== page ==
Monday, March 21, 2016

Sidharth Malhotra

“I still don’t think I’ve made a space for myself”

By Ankita R. Kanabar

(From the March 19, 2016 issue of Super Cinema) 

From assisting Karan Johar to being one of the most popular actors among the youth, Sidharth Malhotra has indeed come a long way. Though, he is in no mood to enjoy that comfort or take things lightly. After two intense portrayals, just as he’s back in a jovial mode with ‘Kapoor & Sons’, we catch up with the dishy actor for a tête-à-tête. He’s slightly under the weather as evident from his voice and eyes, so here’s a quick chat with him over lunch, where he talks about his latest release and learning thus far...

Hasee Toh Phasee’, ‘Ek Villain’, ‘Brothers’ and now ‘Kapoor & Sons’ – there’s been a striking variety!
(Smiles) yes! But we can only choose what we get so in that sense, it has been conscious. What excites me about every film I’m doing is being able to attempt something new. After ‘Kapoor & Sons’ also, there is ‘Baar Baar Dekho’ with Katrina Kaif which is a concept love story. I’m doing a pure love story after a while, so it will be a good change. I play a professor who is stuck in some zone and is very hyper. And then again, there is an action film which has Jacqueline and me. I’ll be training in martial arts for it. So, it is an effort to try something new, although it doesn’t really go by the norms. I think it is not considered very cool to do that so early in your career. For instance, the whole look change – gaining muscles, having a beard and cutting my hair – for ‘Brothers’ was drastic. It was a lot to invest that kind of time in one film and not have a release for a year.

Are you happy about it eventually?
I’m happy in terms of experiencing it. I tried something new. The film wasn’t accepted in terms of our expectations from it, but that was also a learning experience. You might have a good opening on a Friday because of the actors or the whole team but Monday is when the film will speak for itself. That was important for me to realise and experience because before that, I was riding on extreme success with ‘Hasee Toh Phasee’ and ‘Ek Villain’. While the former benefited all of us, the latter was a great box-office success. So, ‘Brothers’ taught me a lot. Such experiences help you mature.

What was the most exciting about ‘Kapoor & Sons’? How did you adapt to Shakun Batra’s sensibility?
I was excited about the fact that I’d get to play a lighter character after two brooding characters back-to-back. I was looking forward to play the goofier, lighter one in the family. The difference in the look is also coming from that. And Shakun cannot allow us to do something very dramatic or typical Hindi film type because of his sensibility. He likes to break norms as much as possible. He likes to make it more real and organic. So, it was refreshing to be on a set like that. It’s a great positive that Shakun has. His talent comes from giving the emotion which the script needs and the freedom to the actor to perform the way he wants to.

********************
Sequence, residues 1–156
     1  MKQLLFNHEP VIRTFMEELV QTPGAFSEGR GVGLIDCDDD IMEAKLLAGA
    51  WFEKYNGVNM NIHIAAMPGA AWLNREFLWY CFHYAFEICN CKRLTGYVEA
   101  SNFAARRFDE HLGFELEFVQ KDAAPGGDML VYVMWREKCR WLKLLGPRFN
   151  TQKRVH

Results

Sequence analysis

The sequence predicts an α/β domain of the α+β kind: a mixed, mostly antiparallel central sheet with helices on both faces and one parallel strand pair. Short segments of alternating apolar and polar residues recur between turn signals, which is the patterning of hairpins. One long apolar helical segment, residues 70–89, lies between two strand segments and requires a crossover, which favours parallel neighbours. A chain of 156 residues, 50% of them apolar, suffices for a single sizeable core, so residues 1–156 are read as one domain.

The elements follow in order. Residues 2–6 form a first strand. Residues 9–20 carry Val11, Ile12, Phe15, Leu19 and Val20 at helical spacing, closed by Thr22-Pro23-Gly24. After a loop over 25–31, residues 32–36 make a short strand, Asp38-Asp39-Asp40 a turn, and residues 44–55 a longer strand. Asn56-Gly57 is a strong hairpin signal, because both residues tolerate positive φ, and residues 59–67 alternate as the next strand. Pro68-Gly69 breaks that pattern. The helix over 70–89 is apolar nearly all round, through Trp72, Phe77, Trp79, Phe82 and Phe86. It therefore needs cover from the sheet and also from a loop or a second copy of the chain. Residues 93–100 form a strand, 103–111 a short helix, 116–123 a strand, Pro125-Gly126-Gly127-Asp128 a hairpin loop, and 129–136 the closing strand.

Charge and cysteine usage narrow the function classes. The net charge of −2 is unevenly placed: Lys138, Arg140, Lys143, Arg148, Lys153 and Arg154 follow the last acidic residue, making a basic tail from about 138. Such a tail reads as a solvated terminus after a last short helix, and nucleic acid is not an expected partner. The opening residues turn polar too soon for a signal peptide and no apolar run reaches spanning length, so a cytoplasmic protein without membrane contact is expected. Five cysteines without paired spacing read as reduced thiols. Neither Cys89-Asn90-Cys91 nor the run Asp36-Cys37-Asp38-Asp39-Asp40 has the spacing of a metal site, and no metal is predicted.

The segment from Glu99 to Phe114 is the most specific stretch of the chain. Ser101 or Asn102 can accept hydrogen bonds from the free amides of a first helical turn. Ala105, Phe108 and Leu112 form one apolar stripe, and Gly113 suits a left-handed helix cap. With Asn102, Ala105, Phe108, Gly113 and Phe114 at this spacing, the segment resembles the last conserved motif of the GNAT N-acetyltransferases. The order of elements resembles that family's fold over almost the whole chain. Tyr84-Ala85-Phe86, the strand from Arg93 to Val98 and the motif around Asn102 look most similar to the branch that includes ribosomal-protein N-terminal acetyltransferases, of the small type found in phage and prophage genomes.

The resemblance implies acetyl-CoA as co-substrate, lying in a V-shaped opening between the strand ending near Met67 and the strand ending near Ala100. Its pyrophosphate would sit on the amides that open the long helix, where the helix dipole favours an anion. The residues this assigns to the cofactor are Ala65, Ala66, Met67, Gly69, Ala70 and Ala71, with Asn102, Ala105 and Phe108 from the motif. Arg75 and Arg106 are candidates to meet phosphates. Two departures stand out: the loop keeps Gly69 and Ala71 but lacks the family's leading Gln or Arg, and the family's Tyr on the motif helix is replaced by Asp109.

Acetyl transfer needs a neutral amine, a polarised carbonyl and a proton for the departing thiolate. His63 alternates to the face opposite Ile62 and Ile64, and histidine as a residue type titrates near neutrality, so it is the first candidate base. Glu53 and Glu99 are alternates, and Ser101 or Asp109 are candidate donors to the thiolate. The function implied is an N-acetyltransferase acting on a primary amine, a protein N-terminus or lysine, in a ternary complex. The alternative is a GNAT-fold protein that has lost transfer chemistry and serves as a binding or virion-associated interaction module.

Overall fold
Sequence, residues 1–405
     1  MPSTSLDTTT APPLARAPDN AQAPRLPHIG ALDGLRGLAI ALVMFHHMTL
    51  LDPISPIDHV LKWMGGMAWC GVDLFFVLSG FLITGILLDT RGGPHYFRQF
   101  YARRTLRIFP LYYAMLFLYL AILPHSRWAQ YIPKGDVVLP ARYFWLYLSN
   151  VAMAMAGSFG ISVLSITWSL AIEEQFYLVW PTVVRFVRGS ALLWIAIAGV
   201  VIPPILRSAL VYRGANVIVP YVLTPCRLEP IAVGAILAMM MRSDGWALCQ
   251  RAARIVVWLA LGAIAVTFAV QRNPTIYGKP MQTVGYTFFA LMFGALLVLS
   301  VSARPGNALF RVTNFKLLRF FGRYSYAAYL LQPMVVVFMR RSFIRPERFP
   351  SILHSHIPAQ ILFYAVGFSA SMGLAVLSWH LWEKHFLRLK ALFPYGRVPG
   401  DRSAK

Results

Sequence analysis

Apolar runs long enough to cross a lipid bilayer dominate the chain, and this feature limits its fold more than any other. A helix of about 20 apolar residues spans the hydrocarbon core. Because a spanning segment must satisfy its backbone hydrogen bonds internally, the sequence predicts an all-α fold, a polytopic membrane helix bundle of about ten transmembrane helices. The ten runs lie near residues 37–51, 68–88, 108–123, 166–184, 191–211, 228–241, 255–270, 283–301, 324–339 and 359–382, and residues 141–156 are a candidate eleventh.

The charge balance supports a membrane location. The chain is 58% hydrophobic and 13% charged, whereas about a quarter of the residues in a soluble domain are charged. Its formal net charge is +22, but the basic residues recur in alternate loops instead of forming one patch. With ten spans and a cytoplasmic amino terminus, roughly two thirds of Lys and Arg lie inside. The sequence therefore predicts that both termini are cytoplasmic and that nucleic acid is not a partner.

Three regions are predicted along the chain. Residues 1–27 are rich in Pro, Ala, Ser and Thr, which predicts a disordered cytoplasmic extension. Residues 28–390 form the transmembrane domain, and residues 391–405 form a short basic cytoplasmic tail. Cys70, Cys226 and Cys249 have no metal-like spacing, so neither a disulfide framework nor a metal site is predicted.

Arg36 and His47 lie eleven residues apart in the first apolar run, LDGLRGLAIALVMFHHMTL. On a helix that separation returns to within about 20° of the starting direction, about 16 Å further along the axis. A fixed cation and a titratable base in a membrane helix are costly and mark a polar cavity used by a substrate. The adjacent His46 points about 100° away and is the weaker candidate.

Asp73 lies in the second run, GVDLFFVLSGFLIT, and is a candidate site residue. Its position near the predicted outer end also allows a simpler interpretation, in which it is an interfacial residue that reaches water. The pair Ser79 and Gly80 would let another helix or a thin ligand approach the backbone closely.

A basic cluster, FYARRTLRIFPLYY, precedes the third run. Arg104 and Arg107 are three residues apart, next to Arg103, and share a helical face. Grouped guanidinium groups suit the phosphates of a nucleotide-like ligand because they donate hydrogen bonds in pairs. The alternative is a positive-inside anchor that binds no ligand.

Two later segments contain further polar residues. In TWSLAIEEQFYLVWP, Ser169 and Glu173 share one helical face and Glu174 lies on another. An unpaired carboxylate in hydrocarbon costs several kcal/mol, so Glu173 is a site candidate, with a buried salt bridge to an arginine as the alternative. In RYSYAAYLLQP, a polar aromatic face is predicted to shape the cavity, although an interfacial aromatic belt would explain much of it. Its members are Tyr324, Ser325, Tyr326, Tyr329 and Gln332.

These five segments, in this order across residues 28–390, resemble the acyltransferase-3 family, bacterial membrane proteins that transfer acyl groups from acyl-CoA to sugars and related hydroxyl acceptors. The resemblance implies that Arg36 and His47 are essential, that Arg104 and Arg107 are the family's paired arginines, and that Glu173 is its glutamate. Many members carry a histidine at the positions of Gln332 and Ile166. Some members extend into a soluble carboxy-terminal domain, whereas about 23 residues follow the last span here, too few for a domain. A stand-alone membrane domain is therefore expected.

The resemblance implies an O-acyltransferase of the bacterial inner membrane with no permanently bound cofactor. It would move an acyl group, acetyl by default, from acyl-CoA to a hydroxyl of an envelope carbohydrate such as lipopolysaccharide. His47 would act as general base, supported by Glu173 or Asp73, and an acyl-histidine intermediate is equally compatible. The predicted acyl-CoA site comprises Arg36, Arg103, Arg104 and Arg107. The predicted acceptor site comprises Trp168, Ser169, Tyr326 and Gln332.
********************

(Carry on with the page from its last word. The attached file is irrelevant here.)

Most actors tap into their own personality while moulding themselves for a character. Is it the same with you?
Yes, I believe! We all tap into our own personalities, eventually to give out any performance because you prefer to do it with conviction. In that sense, I think this character has been the closest to however I am in my real life. I’m the youngest in my family. I’m used to this household and have a similar upper middle-class upbringing, so it was easier to bring that out from my own personality. But sometimes when you do something you’ve not experienced, that’s when the director and actors have to be in sync with each other. For example, a film like ‘Brothers’ or even ‘Ek Villain’. I’m not used to being that aggressive. That’s when you need that push and padding from your director and co-stars. 
A while ago, you’d mentioned that making a space for yourself here is the biggest struggle for you. Do you think you’ve managed to do that?
I still don’t think I’ve made a space for myself, in the sense that I still don’t feel comfortable. But I like that feeling because then, I’m not taking things for granted. I’m not thinking that this film is easy for me or I’m perhaps not taking any kind of work for granted. Again, I learnt that from ‘Brothers’. Post ‘Ek Villain’, I would have taken things for granted because the film just happened out of the box and it killed it at the box-office. The sheer interest which people showed in going and watching the film was overwhelming. But then ‘Brothers’ has leveled it up for me. And that was a training for life because every Friday will be different. You cannot have a sure shot goal which you want to chase. Today, I’m in a boat where I know that even if a Friday is good, it is temporary, and if it is bad then that’s also temporary. One Friday you’re happy because a film is successful, and another Friday that success troubles you because people start comparing. So it’s funny how success is measured in the industry.

You’ve also opened up with time…
I used to guard myself earlier because it I thought it didn’t matter. But now, I have pushed myself to open up because I understood how important it is to show various aspects of your personality. My initial instinct was to keep it to myself, because I thought that this is work and my personal life shouldn’t be of concern. But it does in a way. I realised that people like to see the various shades in an actor. So, it is important to open up and show that I’m all of this but also much more!

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